I thought I could maybe write. So I did a TAFE course that included short story writing. Turns out I love short story writing, which I should have remembered since I loved writing them since I was in grade four, when I wrote my first story. Anyway…as everyone says writing short stories doesn’t pay bills but they mostly fit my ability to concentrate, my available time and my need for a sense of accomplishment at actually finishing something. So many times I’ve started novels and just got bogged down or distracted. Getting a story done is a confidence booster, getting a story published even more so. However, it doesn’t mean I’m a prolific writer – some short stories take a while to find their shape and longer again to find publication. As for themes I’m interested in the same things I’ve always been interested in – what if questions, history, mythology, death, hidden things, landscape, language, arcane stuff, building up a scene, but plots and events or triggers percolate for ages. I listen to people, go to the museum, read, dabble in social media, watch the news and out of all that and my own personal experiences something bubbles up. Often it changes. The novella I’m writing has been planned for years, but it’s turning out quite differently to how I imagined. One character who wasn’t really meant to be in the story at all has taken over and the character who was going to be the main focus is more of a background figure. I also raided a novel I started for the much of the setting because it needed a home and I needed a familiar landscape to ground it. Once I had that place I could riff on contrasts and similarities with other locations the story is set.  

No, my novella is not about a crusading medieval cat-knight.

No, my novella is not about a crusading medieval cat-knight. But don’t tempt me.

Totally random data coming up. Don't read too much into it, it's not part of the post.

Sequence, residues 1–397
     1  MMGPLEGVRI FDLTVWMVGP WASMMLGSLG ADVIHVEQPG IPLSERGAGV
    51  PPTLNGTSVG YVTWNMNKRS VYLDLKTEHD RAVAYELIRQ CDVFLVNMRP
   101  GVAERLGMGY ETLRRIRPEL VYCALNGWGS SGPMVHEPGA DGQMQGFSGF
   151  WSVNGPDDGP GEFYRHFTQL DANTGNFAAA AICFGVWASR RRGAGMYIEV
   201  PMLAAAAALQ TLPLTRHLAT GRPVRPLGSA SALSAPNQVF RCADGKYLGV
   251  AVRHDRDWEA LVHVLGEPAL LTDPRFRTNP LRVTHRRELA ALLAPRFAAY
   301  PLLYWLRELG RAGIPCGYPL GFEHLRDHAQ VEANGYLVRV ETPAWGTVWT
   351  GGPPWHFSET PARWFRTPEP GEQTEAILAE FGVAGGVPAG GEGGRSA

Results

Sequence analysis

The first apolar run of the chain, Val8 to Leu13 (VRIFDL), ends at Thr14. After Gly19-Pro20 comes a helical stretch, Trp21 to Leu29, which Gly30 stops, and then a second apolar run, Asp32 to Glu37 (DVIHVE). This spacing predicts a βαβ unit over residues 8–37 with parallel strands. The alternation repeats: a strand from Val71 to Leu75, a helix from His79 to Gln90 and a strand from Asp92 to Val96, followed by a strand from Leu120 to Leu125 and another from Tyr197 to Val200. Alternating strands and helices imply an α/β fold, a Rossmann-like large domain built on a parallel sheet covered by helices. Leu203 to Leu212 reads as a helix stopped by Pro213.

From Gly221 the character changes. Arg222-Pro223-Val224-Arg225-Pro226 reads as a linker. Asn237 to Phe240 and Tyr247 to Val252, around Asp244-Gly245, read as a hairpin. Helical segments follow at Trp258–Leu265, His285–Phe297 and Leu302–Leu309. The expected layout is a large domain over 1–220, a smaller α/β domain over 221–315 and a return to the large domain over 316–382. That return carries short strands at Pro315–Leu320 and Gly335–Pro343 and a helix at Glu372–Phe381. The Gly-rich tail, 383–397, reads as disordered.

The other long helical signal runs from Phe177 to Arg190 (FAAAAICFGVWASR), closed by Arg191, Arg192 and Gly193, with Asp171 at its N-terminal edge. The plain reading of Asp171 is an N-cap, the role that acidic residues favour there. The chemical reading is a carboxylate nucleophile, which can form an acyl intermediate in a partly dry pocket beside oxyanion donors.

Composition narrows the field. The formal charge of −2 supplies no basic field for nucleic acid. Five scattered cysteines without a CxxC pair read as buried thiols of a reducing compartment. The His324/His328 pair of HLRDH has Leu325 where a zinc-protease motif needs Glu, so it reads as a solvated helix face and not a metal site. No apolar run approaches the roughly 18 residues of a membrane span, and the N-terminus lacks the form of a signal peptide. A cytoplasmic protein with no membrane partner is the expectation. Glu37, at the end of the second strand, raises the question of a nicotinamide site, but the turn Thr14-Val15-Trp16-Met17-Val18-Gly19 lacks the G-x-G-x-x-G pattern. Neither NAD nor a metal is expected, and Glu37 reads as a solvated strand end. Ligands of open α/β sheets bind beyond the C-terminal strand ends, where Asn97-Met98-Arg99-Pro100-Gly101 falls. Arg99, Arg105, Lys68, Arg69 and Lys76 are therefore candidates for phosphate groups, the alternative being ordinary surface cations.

Not convinced it does really work. But it goes something like: have idea or nice phrase. Write it down. Email it to myself. Or scribble it in my notebook.  Sometime I will develop a paragraph or two when I’m at the noodle place waiting for dinner, or during a break at work. I write in the afternoons and evenings as I get home from work before the rush hour. If I am planning a story I throw everything I can at the page and while that sorts itself out, read for background – if it’s a tiny story I may only read a reference book or check online. This novella is different though because it is longer and because it is part of a thesis. So it’s a story in itself but also a response to some research questions I had. I haven’t written a story in this way before. As part of a thesis there is the exegesis where I defend what I’ve done, it has been a lot of reading – everything from books of letters by explorers to translations of ancient poetry.

Mostly I’m at the laptop in the study at home. I’ll write, work with it, write some more, go away, think about it, edit and write some more. Drafting is constant. For this story I set up a structure first and divided up all the writing into little chapters and then decided who said what and when and where. This planning is a bit of a departure, usually I don’t always know in advance what will happen, but in this case the last little chapterlet was the second thing I wrote after the introduction, which is now not the introduction. It both helps and hinders that since I’m referencing some real stuff as plot markers. Currently I’m working through my supervisor’s edits and questions, which have been very helpful, as have the deadlines because they keep the momentum up. 

Leave a Reply

Fill in your details below or click an icon to log in: Logo

You are commenting using your account. Log Out /  Change )

Facebook photo

You are commenting using your Facebook account. Log Out /  Change )

Connecting to %s

This site uses Akismet to reduce spam. Learn how your comment data is processed.